The first couple of times, well I’ll say the first four or five, it was fine. It was fine because I thought, “We need good ones.” I’m sure it’ll be my turn. Then on one time I came out, because you always have to have an antiseptic bath, I came out of the bathroom and my Mum’s there and she’s looking at me. She said, “You better get dressed.” I said, “Why?” She said, “We’re going home.” I went, “No we’re not.” And we were. And the disappointment on my Mum’s face really got to me, oh I was so angry.
 

Many of the people we spoke to talked about receiving the call that finally led to their transplant, a time they’d never forget. The call came out of the blue and, as they had to go to the hospital straight away, they’d had to quickly ensure everything was packed and ready. Some went to hospital by ambulance; others had gone by car with family. One man went by taxi as the call came at one in the morning and his wife had to stay with their two young children. A few people, like Justine, had already been in hospital for some time before an organ had become available.
 

Holly cried when she got the call and handed the phone to her dad. The journey to hospital felt...

Holly cried when she got the call and handed the phone to her dad. The journey to hospital felt...

Age at interview: 23
Sex: Female
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It was three and a half years down the line and I was in, I remember the exact time and place. And I was in Halford’s car park getting the windscreen wipers changed on my car. The call came through on my mobile and it said no number. So I just picked it up and said, “Hiya.” Really friendly.

And the person at the other end of the phone said, “It’s the transplant co-ordinator [specialist nurse] from [name of] Hospital. We have a kidney for you. We think that it might be suitable for you. Can you come here straightaway?” And I just burst out crying and I couldn’t speak on the phone.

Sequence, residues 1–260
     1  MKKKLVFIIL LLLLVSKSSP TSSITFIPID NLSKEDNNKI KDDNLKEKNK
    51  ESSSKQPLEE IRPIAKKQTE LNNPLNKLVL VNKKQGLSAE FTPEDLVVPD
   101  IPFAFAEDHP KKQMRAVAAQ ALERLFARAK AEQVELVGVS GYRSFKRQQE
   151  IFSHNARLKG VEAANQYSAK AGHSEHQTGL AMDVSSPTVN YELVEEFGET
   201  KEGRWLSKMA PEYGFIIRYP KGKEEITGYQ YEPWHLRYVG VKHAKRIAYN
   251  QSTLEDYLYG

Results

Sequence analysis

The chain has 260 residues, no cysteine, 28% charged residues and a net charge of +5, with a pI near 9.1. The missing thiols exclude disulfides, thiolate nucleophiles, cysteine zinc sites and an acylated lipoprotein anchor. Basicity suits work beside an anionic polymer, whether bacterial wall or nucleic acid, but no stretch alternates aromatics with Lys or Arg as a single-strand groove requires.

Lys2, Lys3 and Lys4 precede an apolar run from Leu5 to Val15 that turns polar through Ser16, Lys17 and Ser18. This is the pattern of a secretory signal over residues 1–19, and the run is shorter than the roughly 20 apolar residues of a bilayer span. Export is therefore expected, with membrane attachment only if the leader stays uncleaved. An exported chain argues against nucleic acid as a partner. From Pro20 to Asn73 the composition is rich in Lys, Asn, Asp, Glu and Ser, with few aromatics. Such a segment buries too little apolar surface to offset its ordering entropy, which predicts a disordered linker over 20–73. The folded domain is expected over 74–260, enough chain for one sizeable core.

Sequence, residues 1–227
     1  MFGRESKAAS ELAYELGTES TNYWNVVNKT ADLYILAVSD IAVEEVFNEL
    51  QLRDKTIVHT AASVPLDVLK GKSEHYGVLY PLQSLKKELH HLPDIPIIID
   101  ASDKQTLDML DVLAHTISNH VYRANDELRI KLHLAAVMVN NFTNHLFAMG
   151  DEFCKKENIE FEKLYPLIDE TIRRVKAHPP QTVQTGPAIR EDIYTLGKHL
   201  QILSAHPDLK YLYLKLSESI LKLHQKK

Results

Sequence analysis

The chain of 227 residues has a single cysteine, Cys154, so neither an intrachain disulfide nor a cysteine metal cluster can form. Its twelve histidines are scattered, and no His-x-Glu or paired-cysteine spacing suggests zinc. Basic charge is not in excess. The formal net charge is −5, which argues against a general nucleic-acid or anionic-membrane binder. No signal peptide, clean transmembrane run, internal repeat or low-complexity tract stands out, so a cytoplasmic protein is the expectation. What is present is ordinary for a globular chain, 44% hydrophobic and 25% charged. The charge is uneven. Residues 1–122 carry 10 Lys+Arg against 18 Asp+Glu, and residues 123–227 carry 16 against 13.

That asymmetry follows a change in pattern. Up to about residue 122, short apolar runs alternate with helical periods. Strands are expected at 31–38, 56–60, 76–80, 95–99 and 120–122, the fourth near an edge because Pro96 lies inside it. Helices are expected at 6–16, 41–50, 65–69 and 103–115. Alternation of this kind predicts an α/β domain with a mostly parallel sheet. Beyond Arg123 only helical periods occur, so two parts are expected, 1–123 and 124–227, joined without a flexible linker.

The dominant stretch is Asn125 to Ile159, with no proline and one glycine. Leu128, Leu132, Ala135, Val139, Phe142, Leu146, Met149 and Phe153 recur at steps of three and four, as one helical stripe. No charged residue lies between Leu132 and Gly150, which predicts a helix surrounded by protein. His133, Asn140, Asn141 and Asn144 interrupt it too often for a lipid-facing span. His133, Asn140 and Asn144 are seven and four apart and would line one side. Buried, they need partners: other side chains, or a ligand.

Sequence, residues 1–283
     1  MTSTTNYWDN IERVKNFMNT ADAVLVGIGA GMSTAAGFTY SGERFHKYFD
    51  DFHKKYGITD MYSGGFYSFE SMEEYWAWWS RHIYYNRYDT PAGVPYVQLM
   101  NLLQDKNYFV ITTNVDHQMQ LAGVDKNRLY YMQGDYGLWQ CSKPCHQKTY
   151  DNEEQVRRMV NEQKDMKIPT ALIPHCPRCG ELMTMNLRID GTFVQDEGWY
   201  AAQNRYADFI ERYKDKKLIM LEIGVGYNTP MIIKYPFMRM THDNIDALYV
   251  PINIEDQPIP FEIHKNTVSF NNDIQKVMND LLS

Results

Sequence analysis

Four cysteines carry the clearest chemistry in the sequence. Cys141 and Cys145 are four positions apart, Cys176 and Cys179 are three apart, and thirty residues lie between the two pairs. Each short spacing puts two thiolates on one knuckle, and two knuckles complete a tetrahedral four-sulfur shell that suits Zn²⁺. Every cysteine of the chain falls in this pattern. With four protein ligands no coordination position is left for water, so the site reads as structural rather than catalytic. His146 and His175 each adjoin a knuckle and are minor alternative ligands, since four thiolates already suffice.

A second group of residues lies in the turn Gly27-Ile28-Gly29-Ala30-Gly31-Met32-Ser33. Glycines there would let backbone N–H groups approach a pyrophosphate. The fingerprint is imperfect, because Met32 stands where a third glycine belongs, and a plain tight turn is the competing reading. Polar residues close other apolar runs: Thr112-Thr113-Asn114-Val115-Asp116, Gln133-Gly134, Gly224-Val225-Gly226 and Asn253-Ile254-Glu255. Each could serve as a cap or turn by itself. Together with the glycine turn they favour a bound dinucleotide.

Thankfully that my dad was with me and so I passed the phone to him. And the transplant co-ordinator explained everything to my dad and my dad was able to tell me what was happening as I wasn’t in the best frame of mind at that point.

So this was half three in the afternoon, and it was actually a day that I was due for dialysis. So first of all they told me to go to my dialysis session and then go to the hospital. But then I later received a phone call saying, “No, come straight to the hospital. We will give you dialysis here.”

The journey to the hospital only took twenty minutes but it felt like a lot longer. Obviously my thoughts were of my future and what I might be able to do, like I’d hated, while I was on dialysis I couldn’t make future plans. I didn’t how I was going to feel tomorrow let alone in six weeks time. So I couldn’t make future plans.

So in my head I was thinking of all these things that I might be able to do and I might be able to plan for. But then I was thinking about the other family that had either received a phone call or was by somebody’s bed and they’d just lost a loved one. And that they were going through a whole load of emotions that were completely, a different set of emotions to mine.